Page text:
Toronto lawyer Joe Groia is seeking to have Law Society of Upper Canada Bencher Peter Wardle removed from the panel hearing his appeal over an alleged bias related to Wardle’s firm’s actions on behalf of the Ontario Securities Commission and the LSUC.
“There is a reasonable apprehension of bias arising from the fact that partners and associates at Mr. Wardle’s firm, Wardle Daley Bernstein LLP, regularly represent the Ontario Securities Commission as prosecutors and are closely involved in proceedings at the OSC and that Wardle LLP also regularly represents the Law Society of Upper Canada as prosecutors in discipline proceedings,” wrote Groia’s counsel, Earl Cherniak, in a June 5 notice of motion.
Groia is gearing up for his appeal of professional misconduct findings against him last year in relation to his courtroom tactics on behalf of John Felderhof on criminal charges stemming from the Bre-X Minerals Ltd. fiasco. The LSUC has been taking Groia to task for courtroom incivility as he aggressively challenged OSC prosecutors during his defence of Felderhof. A hearing panel recently suspended Groia for two months and ordered him to pay costs of $246,960. But Groia is appealing both the merits decision and the penalty with a hearing scheduled for Sept. 9 and 10. The penalty is on hold pending the appeal, and Wardle is one of five LSUC benchers assigned to hear the matter.
In his notice, Groia suggests the LSUC’s “prosecution of the lawyer has been and remains of continued interest to the OSC.” The notice then notes Wardle Daley Bernstein’s work as outside counsel for the OSC, including prosecuting cases on its behalf. In addition, an associate at Wardle’s firm reportedly assisted with the Bre-X prosecution, according to the notice of motion. “Given these circumstances, there can be no doubt that Wardle LLP and its partners and associates have a great deal of knowledge about the parties involved in the proceedings and an ongoing interest in the litigation and the result,” wrote Cherniak.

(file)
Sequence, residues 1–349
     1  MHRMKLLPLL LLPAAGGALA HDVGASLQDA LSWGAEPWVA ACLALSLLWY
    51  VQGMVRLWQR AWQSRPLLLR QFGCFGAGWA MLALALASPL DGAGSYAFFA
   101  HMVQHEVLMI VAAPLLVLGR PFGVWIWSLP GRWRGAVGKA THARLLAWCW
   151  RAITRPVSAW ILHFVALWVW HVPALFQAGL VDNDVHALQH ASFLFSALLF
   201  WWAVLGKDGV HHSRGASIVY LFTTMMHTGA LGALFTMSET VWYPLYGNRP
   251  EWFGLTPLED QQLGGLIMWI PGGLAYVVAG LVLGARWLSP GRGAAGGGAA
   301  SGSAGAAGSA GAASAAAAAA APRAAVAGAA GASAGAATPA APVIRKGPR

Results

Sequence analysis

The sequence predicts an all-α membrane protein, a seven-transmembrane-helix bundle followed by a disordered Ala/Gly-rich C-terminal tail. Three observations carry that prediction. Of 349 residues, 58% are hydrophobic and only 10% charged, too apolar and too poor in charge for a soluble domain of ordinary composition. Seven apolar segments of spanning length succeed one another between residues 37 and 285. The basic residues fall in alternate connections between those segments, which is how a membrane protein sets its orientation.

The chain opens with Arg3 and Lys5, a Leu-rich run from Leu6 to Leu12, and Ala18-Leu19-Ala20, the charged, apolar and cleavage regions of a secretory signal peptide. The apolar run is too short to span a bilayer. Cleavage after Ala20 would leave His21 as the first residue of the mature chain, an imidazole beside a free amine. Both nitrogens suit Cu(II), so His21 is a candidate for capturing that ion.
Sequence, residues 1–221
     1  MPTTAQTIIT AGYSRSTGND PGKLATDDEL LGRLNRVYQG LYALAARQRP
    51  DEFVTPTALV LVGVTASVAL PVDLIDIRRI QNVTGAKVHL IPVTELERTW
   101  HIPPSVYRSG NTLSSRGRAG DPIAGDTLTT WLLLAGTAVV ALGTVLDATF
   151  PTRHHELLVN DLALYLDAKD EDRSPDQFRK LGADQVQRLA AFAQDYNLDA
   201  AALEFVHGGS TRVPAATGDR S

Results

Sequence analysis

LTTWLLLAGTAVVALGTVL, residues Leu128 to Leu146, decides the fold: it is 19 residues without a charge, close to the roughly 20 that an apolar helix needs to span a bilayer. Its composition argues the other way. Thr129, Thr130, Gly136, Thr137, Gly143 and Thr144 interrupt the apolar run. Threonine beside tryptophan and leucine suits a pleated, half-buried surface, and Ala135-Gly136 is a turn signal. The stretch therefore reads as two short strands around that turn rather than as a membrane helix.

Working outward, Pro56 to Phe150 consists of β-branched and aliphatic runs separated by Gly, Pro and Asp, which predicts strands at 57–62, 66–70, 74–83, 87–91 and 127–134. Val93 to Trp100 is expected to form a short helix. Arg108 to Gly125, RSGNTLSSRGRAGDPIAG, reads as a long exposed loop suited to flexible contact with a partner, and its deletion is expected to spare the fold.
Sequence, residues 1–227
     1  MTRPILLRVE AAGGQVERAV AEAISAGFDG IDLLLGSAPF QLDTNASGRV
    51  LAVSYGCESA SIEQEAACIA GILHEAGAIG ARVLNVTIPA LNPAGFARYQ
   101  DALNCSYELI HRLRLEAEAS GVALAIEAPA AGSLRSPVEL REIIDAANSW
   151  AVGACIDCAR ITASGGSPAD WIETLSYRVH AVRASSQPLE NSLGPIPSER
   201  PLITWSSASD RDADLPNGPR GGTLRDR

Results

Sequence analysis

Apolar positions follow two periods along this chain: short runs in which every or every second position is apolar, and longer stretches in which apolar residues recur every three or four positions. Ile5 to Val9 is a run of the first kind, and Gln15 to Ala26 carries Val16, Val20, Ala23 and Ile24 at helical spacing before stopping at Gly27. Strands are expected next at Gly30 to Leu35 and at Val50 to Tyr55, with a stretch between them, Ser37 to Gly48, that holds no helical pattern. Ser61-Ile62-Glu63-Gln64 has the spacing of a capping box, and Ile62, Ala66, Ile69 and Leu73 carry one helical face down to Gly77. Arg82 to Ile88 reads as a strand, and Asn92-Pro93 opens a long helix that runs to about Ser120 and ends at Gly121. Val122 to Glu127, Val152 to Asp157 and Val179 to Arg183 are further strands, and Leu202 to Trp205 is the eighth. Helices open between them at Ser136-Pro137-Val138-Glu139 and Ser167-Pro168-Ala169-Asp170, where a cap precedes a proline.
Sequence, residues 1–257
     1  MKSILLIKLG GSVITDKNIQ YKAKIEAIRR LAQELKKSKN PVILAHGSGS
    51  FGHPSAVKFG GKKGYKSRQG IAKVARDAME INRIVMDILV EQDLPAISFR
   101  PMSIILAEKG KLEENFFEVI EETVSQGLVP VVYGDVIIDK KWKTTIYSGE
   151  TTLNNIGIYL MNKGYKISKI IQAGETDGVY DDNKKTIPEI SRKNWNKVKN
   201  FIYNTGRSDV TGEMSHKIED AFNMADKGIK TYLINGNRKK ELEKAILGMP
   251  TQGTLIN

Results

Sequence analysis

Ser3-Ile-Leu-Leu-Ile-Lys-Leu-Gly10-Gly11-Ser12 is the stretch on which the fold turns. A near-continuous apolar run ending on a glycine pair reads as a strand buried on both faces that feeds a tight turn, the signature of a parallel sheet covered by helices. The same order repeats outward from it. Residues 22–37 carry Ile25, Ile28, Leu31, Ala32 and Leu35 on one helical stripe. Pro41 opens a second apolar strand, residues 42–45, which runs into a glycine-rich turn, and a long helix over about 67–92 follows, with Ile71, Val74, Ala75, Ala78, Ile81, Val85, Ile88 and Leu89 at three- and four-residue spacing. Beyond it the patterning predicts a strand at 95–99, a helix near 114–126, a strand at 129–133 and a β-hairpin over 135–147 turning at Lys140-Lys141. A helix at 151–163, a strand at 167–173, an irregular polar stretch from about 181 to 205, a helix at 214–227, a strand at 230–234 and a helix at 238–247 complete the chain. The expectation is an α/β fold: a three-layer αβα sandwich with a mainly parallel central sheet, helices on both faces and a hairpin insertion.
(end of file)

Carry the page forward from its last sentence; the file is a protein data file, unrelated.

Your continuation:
“Whatever Mr. Wardle’s own involvement may have been, a reasonable person properly informed would conclude that his firm’s connection to its client, the OSC, is deep, current, and multilayered. As the Wardle LLP firm owes duties of loyalty to its client, the OSC, this places Mr. Wardle in a clear and compelling conflict of interest.”
Besides the OSC issue, the notice also raises concerns about Wardle’s firm’s representation of the LSUC at tribunal hearings and in court. “A reasonable person would be concerned that the firm’s duty of loyalty to both clients could influence Mr. Wardle’s views on this appeal,” wrote Cherniak.
The LSUC has scheduled a hearing on the recusal motion for July 3. Wardle has refused to recuse himself, the notice of motion notes. Legal Feeds was unable to reach Wardle for comment by press time.